Vehicle lessor to provide for planned loss on sale

The Supreme Tax Court has held that a truck lessor may accumulate a provision to cover an agreed loss on sale after the lease period in proportion to the rental income.

A motor vehicle leasing company leased trucks for a fixed term at the end of which it repossessed the vehicles and sold them on the open market. It undertook to surrender the proceeds to the lessee in excess of the residual value specified in the leasing contract. Past experience showed that the sale proceeds realised were almost invariably higher than the contract residual value. The residual values were set below the tax written down values on expiry of the lease. A book loss on sale was thus pre-programmed, unless the lease came to an unscheduled end, e.g. as a result of an accident or other insurable event.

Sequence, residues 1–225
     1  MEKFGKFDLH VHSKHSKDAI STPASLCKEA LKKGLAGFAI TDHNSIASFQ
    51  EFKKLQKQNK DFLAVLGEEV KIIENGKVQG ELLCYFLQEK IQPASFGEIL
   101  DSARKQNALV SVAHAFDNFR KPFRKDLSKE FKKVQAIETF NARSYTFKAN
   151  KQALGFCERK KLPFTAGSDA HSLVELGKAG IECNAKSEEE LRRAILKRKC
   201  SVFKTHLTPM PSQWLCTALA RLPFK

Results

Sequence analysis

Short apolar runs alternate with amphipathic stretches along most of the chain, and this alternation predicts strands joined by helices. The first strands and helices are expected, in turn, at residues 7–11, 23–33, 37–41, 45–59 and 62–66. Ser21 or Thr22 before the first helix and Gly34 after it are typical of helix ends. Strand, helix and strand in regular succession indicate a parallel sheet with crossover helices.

The Supreme Tax Court has now held that the lessor must see the contractual arrangements as a whole. It must therefore reckon with total proceeds of the agreed rentals plus the contractual residual value. Additional sales proceeds were not part of the arrangement and fell to the lessee in any event. Its running costs were the regular tax table depreciation and its closing costs were the tax written-down values on the date of closure less the contractual residual values of the assets. These closing costs were in effect a refund of leasing fees. Because they had been agreed to in advance, they should be taken into account currently, i.e. matched with leasing income. The company was therefore required to provide for the loss as an effective refund of leasing fees. The obligation was cash rather than a (non-deductible) provision for future losses. It was to be discounted over the remaining lease term (period of receipt of the payments) at %.5% p.a., the rate for long term liabilities.

Supreme Tax Court judgment I R 50/10 of September 29, 2011 published on December 14

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